Do you know what narcissistic personality disorder is? Would you be able to spot it if you had to? For most people, their belief is that narcissism is "easy" to spot because laymen and pop psychology characterize narcissism as selfish ambition, arrogance, cockiness, inconsiderate of others, and a strong desire to be at the "top of the game." But narcissism is truly difficult to spot in everyday life because some of the kindest and nicest people could be a narcissist hiding under a facade. Narcissism doesn't always shine through the moment you meet someone. In fact, narcissism may not fully bloom until you've married the person, accepted a job from a company led by a narcissist, or after many years of knowing the person. In reality, narcissistic personality traits are often hidden by the person's ability to "act" ways they know other people like. Although you are probably familiar with the millions of articles already written on this topic, this article will highlight the most dangerous narcissistic traits you should avoid in your life.
Have you ever spoken to someone with delusions? Would you know a delusion if you encountered one? What about a person experiencing a hallucination? If you found yourself shaking your head "no" to these questions, that's okay because you are not alone. This article will engage you in exploring the experience of those who struggle with delusions.
What happens to you, emotionally and psychologically, when you watch the news? What happens when you hear of devastating news within your family, at your workplace, or in society at large? For many of us, the first response is often shock, then fear, and perhaps anger or resentment. For individuals who have a history of trauma, repeatedly watching the news or hearing of traumatic events can cause regression into further trauma symptoms or a need for more intense therapy. This article will highlight and discuss the ways the media (including social media) can negatively affect us all including individuals with trauma histories. I will also offer tips on how to cope.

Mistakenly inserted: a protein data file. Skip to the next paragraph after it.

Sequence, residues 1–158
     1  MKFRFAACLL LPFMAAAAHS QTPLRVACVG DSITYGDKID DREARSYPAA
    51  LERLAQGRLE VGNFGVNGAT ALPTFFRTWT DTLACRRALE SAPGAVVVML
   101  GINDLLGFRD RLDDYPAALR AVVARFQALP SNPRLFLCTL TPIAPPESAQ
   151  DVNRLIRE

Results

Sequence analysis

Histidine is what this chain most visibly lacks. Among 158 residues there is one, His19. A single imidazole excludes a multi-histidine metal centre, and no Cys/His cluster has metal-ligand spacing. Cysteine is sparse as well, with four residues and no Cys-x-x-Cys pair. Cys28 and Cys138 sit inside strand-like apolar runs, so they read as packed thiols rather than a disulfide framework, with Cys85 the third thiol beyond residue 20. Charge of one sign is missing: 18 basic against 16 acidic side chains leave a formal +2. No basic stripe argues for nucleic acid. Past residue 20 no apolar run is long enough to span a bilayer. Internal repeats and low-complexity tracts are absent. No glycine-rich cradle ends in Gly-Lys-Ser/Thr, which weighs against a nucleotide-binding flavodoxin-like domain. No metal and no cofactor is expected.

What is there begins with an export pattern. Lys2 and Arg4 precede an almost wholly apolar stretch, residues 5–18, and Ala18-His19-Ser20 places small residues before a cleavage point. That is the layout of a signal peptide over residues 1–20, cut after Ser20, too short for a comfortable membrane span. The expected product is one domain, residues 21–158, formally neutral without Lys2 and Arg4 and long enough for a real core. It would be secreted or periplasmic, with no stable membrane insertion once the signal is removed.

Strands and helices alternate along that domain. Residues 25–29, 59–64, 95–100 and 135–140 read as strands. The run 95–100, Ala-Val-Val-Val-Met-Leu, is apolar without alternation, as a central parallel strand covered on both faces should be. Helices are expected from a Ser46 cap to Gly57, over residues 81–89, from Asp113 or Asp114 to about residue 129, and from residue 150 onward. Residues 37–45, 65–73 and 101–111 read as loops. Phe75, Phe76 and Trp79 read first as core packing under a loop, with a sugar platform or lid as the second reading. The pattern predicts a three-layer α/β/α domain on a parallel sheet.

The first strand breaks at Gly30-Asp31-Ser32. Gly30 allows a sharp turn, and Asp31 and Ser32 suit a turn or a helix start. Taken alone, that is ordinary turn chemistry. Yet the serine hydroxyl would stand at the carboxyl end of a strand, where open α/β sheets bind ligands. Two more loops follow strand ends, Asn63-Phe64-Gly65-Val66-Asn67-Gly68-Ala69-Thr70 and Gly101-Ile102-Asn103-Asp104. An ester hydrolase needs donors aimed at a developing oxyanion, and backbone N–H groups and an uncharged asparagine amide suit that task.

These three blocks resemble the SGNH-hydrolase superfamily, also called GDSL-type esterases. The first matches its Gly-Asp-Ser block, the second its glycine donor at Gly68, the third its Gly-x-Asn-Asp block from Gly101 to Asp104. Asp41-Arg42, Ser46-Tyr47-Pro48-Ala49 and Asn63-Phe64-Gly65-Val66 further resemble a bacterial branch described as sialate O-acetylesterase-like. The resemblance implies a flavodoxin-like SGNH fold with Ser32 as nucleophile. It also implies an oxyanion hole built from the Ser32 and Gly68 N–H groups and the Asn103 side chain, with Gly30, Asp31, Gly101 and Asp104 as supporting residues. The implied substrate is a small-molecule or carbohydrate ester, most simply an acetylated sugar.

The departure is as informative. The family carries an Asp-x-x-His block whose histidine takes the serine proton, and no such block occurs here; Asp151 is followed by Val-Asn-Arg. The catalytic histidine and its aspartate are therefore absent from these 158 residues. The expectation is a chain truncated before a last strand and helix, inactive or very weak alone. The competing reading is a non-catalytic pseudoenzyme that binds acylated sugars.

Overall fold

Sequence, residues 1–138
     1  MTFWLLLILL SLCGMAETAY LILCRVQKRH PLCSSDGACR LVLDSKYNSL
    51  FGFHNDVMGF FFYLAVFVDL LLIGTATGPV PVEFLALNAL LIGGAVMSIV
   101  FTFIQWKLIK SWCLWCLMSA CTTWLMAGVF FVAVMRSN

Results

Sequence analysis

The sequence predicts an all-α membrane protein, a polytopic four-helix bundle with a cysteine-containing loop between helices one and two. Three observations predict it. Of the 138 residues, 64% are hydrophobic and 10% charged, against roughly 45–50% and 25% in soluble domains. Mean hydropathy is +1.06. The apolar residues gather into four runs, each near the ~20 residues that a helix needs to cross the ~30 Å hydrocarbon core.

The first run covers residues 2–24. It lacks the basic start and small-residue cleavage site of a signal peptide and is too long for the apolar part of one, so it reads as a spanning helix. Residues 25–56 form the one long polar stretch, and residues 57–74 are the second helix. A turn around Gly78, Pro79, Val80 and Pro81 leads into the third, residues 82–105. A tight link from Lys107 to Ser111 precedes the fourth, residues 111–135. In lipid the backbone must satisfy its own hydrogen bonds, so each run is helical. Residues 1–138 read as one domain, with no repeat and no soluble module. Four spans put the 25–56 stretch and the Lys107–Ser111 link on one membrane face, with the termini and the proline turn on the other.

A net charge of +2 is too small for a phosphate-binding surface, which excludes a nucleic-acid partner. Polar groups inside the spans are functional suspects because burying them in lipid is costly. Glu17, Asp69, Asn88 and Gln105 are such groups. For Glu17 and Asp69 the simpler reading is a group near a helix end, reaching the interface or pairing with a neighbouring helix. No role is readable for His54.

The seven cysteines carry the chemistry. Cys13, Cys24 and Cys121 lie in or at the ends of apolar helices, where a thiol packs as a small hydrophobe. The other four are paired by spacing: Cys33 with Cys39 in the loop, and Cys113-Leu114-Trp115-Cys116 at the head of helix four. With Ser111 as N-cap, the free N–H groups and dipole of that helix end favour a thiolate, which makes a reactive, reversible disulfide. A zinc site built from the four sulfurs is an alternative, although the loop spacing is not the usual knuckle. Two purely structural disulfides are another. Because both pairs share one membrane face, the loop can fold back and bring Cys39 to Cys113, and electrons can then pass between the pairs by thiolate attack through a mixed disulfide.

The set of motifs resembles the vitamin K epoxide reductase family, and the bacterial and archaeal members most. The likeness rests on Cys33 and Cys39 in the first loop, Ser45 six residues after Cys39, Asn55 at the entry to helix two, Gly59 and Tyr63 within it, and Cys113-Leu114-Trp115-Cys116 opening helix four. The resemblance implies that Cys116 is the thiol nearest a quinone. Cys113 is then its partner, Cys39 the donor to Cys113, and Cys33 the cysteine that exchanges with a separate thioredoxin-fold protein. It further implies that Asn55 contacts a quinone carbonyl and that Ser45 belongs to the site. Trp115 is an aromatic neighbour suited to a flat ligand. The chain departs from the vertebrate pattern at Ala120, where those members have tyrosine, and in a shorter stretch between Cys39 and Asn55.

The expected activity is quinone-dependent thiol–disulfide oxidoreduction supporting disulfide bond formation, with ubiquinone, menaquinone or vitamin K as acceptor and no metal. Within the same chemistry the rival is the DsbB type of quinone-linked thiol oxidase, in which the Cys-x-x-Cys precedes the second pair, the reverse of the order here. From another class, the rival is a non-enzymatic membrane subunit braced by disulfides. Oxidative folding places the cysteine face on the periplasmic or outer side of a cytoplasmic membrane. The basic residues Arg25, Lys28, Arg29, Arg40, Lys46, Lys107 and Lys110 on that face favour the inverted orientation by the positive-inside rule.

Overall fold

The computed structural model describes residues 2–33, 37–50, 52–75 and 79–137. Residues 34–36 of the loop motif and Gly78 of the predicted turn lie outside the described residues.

How would you describe a selfish individual? What about them makes them selfish? Have you taken notice to their entitlement, arrogance, and lack of empathy? If so, you're a few steps ahead of most people. Sadly, research suggests that narcissists and sociopaths have a tendency to deceive most people they come in contact with. Some research suggests that over 158 million people in the U.S. have been negatively impacted. It is a real fight. This article will discuss some of the tips I share with clients who are struggling with selfish, narcissistic individuals.
Acceptance. What comes to mind when you hear that term? Does it seem like something you should do when you are ready? Does it seem like something you will never be able to do? Do you believe that acceptance means forgiveness, denial, or contentedness? If so, allow me to expand your view of acceptance through this article. This article will discuss the grief & loss process while also highlighting what acceptance means. I also offer tips on hope to cope with each stage.
Do you know someone who fits the description of a sociopath? Do you know someone who fits the description of a "sociopathic narcissist?" If so, you certainly aren't alone. There is a plethora of articles, videos, and blog posts on this topic. So you may be asking "why are we talking about this again?" It is important to perceive a sociopath as potentially dangerous once you recognize steady traits and behaviors. In this article, I will discuss potentially dangerous sociopathic behaviors you should be aware of. I include a video on explosive anger as well.